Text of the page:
A total of 806 clinically significant pathogens comprising 507 Gram-negative bacilli (GNB), 16 Gram-negative cocci (GNC), 267 Gram-positive cocci (GPC), and 16 Gram-positive bacilli (GPB) made up of 39 genera and 70 species were tested during the study period, as shown in Tables 1, 2, 3 and 4. Of the 806 isolates, conventional Vitek 2 system correctly identified 795 (98.6%) to the genus level and 777 (96.4%) to the species level. VITEK MS identified 805 (99.9%) to the genus level and 798 (99.0%) to the species level. Bruker Microflex MS identified 784 (97.3%) and 751 (93.2%) to the genus and species levels, respectively; 17 isolates were also correctly identified to the species level but at no reliable ID score of <1.7. Both MALDI-TOF systems took less than 20 minutes from colony to ID result compared with ≥24 h by CPS.
Table 1

Discrepancies and error in the conventional identification method (Vitek 2) and MALDI-TOF for the identification of 507 Gram-negative bacteria

Final identification (no of isolates)

No of isolates

Conventional identification method (Vitek 2)

VITEK MS identification

Bruker MS identification

16S rRNA sequence result (number of discrepant organisms sequenced)

No ID

Mis-ID

No ID

Mis - ID

No ID

Mis-ID

 

Escherichia coli (181)

0

0

0

0

0

0

 

Klebsiella pneumoniae (71)

0

0

0

0

0

1 (score <1.7)

K. pneumoniae (1)

Klebsiella oxytoca (2)

0

0

0

0

0

0

 

Pseudomonas aeruginosa (66)

0

0

0

0

0

0

 

Acinetobacter baumannii (39)

0

0

0

0

0

1 (Acinetobacter genomospecies 13TU)*, 3 (score <1.7)

A. baumannii (4)

Acinetobacter lwoffii (2)

0

0

0

0

0

1 (score <1.7)

A. lwoffii (1)

Salmonella spp. (29)

0

0

0

0

0

1 (score <1.7)

Salmonella spp. (1)

Enterobacter cloacae (14)

0

0

0

0

0

0

 

Enterobacter aerogenes (7)

0

0

0

0

0

0

 

Enterobacter asburiae (5)

0

0

0

0

0

0

 

Pantoea agglomerans (1)

0

0

0

0

0

0

 

Proteus mirabilis (17)

0

0

0

0

0

0

 

Stenotrophomonas maltophilia (18)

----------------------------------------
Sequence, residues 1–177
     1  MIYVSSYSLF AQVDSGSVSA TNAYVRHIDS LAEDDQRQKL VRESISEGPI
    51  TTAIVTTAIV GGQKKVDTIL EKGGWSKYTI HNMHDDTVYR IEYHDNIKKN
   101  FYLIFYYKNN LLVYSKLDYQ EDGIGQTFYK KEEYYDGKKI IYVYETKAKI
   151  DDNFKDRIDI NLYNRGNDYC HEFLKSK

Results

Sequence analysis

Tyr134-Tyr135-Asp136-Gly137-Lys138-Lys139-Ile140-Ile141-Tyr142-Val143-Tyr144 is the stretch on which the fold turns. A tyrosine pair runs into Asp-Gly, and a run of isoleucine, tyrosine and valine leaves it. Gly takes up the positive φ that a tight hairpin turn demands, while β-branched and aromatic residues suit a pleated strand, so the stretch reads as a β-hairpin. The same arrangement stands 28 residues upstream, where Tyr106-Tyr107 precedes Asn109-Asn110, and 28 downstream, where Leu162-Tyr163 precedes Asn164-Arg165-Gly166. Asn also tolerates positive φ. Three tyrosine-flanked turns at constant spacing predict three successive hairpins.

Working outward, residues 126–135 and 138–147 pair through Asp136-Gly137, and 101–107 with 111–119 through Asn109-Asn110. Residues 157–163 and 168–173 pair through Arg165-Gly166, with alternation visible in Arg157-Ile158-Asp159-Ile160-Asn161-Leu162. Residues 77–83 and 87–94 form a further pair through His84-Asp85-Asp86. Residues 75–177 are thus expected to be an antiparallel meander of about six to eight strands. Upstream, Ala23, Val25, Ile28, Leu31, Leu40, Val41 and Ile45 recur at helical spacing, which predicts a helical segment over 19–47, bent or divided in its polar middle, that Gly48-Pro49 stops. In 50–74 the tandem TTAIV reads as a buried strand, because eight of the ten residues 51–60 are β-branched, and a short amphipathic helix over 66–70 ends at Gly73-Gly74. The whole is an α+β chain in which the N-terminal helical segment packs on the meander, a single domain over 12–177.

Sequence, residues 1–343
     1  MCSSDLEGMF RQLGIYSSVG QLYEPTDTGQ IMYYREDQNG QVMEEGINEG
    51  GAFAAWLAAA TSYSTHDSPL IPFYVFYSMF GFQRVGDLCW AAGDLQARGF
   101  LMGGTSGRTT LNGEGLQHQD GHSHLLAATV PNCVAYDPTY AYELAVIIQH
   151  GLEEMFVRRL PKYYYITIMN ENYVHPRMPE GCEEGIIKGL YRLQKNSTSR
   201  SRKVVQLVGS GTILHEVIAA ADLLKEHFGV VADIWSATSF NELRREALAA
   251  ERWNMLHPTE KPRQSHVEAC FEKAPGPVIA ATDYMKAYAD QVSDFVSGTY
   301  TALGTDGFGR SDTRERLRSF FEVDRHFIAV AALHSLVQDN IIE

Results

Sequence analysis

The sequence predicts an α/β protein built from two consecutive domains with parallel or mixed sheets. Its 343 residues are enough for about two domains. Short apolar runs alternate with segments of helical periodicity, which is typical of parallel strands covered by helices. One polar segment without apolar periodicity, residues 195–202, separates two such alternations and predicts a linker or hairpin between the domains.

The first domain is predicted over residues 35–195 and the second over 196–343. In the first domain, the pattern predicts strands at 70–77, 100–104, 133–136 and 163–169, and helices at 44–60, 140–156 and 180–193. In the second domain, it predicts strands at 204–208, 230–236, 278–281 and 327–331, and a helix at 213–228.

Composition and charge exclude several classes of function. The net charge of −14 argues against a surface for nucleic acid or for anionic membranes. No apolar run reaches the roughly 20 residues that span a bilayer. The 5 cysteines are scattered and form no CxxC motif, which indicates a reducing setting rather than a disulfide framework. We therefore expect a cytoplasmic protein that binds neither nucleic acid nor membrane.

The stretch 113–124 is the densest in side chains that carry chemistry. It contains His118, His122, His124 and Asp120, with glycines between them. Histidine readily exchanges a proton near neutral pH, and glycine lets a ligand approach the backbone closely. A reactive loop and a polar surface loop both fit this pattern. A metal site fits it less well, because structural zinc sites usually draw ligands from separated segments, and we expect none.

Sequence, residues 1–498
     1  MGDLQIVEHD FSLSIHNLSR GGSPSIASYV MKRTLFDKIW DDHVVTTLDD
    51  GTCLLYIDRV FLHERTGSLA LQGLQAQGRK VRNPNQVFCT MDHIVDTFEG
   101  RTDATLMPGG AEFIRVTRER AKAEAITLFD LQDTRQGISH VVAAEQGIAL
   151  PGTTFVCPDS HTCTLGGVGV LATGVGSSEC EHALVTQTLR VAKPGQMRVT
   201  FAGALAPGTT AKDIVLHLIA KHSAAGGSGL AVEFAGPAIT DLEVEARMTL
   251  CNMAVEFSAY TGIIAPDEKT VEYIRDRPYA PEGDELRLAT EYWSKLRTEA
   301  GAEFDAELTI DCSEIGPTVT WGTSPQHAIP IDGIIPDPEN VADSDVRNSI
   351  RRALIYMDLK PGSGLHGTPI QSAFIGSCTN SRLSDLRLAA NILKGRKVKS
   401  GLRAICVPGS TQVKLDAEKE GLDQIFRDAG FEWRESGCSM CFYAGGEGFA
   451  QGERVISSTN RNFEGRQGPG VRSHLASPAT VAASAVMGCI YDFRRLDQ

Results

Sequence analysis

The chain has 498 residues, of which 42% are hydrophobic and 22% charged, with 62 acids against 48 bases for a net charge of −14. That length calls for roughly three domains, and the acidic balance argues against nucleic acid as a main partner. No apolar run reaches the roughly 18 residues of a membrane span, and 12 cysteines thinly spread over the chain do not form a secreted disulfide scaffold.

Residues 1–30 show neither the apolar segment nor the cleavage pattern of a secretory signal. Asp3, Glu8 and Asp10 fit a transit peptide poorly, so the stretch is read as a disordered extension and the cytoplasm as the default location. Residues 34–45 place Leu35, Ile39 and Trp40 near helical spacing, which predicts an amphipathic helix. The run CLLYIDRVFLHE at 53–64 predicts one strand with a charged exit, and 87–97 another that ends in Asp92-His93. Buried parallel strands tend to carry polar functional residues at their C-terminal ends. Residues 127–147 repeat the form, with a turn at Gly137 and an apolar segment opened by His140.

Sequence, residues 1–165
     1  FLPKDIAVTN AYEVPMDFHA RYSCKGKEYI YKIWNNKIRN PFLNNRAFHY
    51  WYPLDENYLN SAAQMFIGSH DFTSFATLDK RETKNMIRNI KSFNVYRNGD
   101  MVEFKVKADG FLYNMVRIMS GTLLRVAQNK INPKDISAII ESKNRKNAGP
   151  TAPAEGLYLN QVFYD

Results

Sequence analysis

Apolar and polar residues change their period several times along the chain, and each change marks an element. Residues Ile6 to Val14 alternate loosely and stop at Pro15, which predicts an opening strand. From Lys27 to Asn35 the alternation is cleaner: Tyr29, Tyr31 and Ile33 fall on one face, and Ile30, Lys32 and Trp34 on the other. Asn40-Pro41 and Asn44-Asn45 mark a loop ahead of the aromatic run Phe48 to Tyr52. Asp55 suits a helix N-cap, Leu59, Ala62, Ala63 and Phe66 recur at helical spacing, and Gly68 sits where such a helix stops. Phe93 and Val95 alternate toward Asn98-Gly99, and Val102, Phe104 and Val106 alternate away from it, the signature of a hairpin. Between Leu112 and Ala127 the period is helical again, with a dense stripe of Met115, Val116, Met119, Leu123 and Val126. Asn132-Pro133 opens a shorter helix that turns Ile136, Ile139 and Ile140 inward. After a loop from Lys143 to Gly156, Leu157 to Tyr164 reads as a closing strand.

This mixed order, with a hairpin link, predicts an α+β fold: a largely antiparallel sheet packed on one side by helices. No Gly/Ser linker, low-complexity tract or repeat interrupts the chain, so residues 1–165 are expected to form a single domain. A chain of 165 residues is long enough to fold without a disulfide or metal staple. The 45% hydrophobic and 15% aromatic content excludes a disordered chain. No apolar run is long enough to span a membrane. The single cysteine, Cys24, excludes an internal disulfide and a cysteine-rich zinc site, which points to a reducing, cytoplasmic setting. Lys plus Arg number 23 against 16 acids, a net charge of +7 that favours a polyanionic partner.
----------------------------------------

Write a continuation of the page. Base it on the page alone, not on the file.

0

0

0

0

0

1 (score <1.7)

S. maltophilia (1)

Serratia marcescens (15)

0

0

0

0

0

0

 

Citrobacter koseri (9)

0

0

0

0

0

0

 

Citrobacter freundii (1)

0

0

0

0

0

0

 

Morganella morganii (7)

0

0

0

0

0

0

 

Achromobacter xylosoxidans (5)

0

0

0

0

0

2 (Acinetobacter spp.)

A. xylosoxidans (2)

Providencia rettgeri (4)

0

2 (Providencia stuartii)

0

2 (P. stuartii)

0

1 (score <1.7)

P. rettgeri (2)

Burkholderia cepacia (2)

0

0

0

0

0

1 (score <1.7)

B. cepacia (1)

Sphingomonas paucimobilis (2)

0

0

0

0

0

2 (score <1.7)

S. paucimobilis (2)

Aeromonas hydrophila/caviae (2)

0

0

0

0

0

2 (Aeromonas jandaei)

A. hydrophila/caviae (2)

Ralstonia solanacearum (1)

0

1(Ralstonia pickettii)

0

1 (R. pickettii)

0

1 (Ralstonia insidiosa)

R. solanacearum (1)

Chryseobacterium indologenes (1)

0

0

0

0

0

0

 

Plesiomonas shigelloides (1)

0

0

0

0

0

0

 

Vibrio parahaemolyticus (1)

0

0

0

0

0

0

 

Campylobacter jejuni (1)

0

0

0

0

0

0

 

Bordetella pertussis (1)

0

0

0

0

0

0

 

Bordetella parapertussis (1)

0

0

0

0

0

0

 

Yersinia enterocolitica (1)

0

0

0

0

0

0

 

No ID = no identification in spite of its presence in database; Mis-ID = misidentification; *Current name is Acinetobacter nosocomialis.

Table 2

Discrepancies and error in the conventional identification method (Vitek 2) and MALDI-TOF for the identification of 267 Gram-positive bacteria

Final identification (no of isolates)

Number of isolates

Conventional identification method (Vitek 2)

VITEK MS identification

Bruker MS identification

16S rRNA sequence results (number of discrepant organism sequenced)

No ID

Mis-ID

No ID

Mis-ID

No ID

Mis-ID

 

Staphylococcus aureus (53)

0

0

0

0

0

0

 

Staphylococcus epidermidis (34)

0

1 (Staphylococcus capitis)

0

1 (S. capitis)

0

0

S. epidermidis (2)

Staphylococcus haemolyticus (11)

0

0

0

0

0

0

 

S. capitis (11)

0

0

0

0

0

0

 

Staphylococcus hominis (7)

0

0

0

0

0

0

 

Staphylococcus lugdunensis (4)

0

0

0

0

0

0

 

Staphylococcus caprae (1)

0

0

0

0

0

1 (Staphylococcus auricularis)

S. caprae (1)

Staphylococcus warneri (2)

0

0

0

S.auricularis

0

1 (S. epidermidis)

S. warneri (1)

Streptococcus agalactiae (46)

0

0

0

1 (Nocardia asteroides)

0

1 (Alloiococcus otitis), 1 (Lactobacillus sakei)

S. agalactiae (3)

Rothia mucilaginosa (1)

0

0

0

0

0

0

 

Enterococcus faecalis (29)

0

0

0

0

0

0

 

Enterococcus faecium (6)

0

0

0

0

0

0

 

Enterococcus raffinosus (3)

0

0

0

0

0

0

 

Enterococcus avium (1)

0

0

0

0

0

0

 

Streptococcus pyogenes (7)

0

0

0

0

0

0

 

Micrococcus luteus/lylae (6)

0

2 (Kocuria kristinae)

0

0

0

3 (1 Clostridium beijeriuckii, 2 Propionibacterium acnes)

M. luteus (5)

Rhodococcus equi (1)

NA

NA

NA

NA

0

0

R. equi (1)

Streptococcus parasanguis (3)

0

0

0

0

0

1 (Alloiococcus otitis)

S. parasanguis (1)

Streptococcus salivarius (1)

0

0

0

0

0

0

 

Streptococcus lutetiensis (1)

0

1 (Streptococcus infantarius)

0

1 (Streptococcus infantarius)

0

0

S. lutetiensis (1)

Streptococcus dysagalactiae (2)

0

0